them what you have** **just
learned and if you could demonstrate your knowledge
by doing** **a new problem.**

**15. Always remember the "say and do"
principle.
Research shows that we remember only 10% of what we read, 20% of what
we
see, but a full 90% of what we say and do. So, whenever possible say
and
do.**

**16. Work out lots of sample problems.
Practice, practice,
practice. Do assigned problems and lots more. Make up your own
problems.
Get sample problems from other books. Work with a classmate and explain
aloud what you are learning and how to solve problems. Remember the
more
you "say and do" the more you will be able to recall what you're
learning. You must always be actively involved in the learning process.**

**17. The best time to do your homework
is the same day
it is assigned. This will help reinforce what you have just learned.
Estimate
the right answers before you work the problems out. Substitute your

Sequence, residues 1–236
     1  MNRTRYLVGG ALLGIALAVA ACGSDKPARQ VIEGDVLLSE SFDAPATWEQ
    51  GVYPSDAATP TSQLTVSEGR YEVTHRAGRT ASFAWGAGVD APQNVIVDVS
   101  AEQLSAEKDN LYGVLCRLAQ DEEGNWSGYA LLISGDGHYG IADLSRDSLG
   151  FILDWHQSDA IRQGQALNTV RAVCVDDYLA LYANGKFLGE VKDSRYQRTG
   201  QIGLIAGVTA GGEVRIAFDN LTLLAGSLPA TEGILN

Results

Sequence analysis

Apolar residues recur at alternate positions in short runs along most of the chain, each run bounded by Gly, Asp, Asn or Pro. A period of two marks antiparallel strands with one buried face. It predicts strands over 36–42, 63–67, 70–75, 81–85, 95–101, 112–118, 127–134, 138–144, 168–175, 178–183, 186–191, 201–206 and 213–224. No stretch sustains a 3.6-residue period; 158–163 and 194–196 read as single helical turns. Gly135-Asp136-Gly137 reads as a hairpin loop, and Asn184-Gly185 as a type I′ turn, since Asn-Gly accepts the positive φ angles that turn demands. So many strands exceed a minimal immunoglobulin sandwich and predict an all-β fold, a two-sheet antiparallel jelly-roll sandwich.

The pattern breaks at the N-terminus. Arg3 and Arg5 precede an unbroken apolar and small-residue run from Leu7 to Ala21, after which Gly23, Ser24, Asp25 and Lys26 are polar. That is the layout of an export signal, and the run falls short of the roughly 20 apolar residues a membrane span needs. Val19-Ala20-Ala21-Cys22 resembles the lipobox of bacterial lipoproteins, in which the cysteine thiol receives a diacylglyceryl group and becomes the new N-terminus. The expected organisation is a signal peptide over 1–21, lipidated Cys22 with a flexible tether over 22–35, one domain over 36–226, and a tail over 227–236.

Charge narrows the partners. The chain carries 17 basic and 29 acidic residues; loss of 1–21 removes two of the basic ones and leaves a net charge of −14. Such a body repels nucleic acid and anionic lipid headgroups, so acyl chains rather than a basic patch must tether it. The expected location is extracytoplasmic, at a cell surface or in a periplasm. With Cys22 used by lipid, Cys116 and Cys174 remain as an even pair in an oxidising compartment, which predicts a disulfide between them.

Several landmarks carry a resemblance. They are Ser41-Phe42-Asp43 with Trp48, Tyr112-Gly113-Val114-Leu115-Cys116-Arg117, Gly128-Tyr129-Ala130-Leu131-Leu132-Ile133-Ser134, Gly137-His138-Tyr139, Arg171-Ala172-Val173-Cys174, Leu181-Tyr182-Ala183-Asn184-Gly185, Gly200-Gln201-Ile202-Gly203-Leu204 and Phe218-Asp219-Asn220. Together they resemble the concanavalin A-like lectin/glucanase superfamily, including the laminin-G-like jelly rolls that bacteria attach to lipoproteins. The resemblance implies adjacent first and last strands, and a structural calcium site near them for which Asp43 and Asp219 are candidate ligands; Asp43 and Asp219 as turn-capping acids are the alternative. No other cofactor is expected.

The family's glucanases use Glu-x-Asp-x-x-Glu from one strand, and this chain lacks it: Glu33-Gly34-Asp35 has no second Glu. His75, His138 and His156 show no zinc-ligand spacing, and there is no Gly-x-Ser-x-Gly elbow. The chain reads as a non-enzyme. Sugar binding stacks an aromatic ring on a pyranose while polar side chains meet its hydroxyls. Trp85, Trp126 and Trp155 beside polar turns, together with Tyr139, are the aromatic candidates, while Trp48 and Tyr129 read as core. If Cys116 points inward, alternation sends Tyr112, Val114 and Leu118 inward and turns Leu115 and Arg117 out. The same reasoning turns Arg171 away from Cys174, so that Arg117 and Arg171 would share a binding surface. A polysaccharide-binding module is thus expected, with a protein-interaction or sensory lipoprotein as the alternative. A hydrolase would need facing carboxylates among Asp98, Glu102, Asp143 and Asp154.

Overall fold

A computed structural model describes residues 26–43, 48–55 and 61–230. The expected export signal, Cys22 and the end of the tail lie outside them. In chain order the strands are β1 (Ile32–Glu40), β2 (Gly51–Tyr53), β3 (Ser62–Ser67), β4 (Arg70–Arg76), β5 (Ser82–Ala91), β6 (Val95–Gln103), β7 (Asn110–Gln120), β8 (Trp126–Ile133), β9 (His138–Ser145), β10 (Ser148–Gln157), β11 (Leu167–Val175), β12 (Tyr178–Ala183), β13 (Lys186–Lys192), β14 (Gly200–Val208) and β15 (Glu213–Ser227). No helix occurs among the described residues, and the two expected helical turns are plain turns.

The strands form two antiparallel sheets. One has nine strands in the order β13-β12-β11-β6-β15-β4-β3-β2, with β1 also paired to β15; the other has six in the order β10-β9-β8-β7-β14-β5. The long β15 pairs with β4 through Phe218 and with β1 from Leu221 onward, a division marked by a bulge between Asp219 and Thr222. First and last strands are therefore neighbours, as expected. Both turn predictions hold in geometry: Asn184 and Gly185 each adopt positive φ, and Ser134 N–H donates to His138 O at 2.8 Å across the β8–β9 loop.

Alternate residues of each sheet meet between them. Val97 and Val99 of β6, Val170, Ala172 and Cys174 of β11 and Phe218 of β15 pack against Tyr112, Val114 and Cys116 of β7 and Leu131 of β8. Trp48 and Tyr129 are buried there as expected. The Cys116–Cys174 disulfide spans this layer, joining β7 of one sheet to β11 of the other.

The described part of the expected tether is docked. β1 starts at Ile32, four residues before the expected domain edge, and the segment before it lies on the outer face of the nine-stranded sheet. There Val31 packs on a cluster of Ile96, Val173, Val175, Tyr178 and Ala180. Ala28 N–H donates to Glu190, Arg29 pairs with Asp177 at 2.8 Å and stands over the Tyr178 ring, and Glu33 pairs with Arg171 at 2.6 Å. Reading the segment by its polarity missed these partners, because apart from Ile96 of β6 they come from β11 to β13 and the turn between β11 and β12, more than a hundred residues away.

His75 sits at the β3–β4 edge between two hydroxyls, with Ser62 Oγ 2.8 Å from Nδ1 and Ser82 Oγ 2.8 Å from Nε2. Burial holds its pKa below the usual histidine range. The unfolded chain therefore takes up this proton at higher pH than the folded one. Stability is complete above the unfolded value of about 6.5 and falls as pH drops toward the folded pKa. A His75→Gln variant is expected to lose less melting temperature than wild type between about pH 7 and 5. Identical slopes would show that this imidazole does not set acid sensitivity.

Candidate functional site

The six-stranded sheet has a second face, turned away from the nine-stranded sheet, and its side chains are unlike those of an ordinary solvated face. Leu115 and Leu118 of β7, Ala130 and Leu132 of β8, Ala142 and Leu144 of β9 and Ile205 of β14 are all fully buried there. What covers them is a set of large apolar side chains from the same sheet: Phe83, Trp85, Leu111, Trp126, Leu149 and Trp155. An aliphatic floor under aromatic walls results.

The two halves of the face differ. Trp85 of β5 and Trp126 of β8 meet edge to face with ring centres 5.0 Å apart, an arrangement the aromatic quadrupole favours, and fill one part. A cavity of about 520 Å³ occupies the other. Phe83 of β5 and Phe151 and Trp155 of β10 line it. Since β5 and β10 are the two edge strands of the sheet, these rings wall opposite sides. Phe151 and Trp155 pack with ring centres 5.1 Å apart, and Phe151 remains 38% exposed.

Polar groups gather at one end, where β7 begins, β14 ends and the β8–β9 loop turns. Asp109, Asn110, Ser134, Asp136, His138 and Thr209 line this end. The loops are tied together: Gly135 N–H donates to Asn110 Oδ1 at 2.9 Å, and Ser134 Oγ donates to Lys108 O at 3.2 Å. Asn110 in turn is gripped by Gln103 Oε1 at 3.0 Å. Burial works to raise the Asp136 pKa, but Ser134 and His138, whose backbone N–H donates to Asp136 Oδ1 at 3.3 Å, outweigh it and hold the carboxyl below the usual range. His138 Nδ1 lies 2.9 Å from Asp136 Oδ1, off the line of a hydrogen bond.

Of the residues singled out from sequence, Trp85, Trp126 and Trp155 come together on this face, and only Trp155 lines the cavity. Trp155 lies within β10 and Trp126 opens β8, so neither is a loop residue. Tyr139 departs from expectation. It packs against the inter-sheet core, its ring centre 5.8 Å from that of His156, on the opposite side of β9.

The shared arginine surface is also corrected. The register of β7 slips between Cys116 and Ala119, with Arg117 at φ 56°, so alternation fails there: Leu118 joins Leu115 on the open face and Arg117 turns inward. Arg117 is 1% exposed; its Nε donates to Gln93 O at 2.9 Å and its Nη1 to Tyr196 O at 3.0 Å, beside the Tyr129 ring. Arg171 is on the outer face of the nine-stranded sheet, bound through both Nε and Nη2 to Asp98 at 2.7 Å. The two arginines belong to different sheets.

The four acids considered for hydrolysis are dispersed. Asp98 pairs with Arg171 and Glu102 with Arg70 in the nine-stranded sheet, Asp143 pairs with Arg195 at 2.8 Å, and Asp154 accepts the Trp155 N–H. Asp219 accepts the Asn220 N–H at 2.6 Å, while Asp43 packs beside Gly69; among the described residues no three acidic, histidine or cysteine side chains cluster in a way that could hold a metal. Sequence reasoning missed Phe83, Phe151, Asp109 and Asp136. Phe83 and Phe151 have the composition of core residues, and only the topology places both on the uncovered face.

answers
back into the problem. Redo the problem in a different way to see if
your
answer still matches.**

**18. Read and study all your textbook
explanations of
each type of problem. Whenever possible use additional textbooks and
study
guides as resources. Each book will discuss your topic differently and
offer different examples. This is an excellent way to clarify difficult
concepts and to give you more practice problems.**

**19. Work with a review or course
outline book that
applies to your math course. They provide many worked-out examples and
summary collections of problems and answers which are useful for
preparing
for tests. Always work out a problem first before reading how the
author
solved it. Examples of course outline books include: Schaum's, AMSCO,
Barron's,
Barnes and Nobles.**

**20. Identify the different types of
problems you are
learning. Note the elements of each. By identifying the different types
of problems, you are more likely to be able to isolate difficult areas
in
which you need more practice or help.**

**21. Describe in your own words the
similarities and
differences between the different types of problems you are learning.
Do
this aloud with someone else. By understanding the structure of each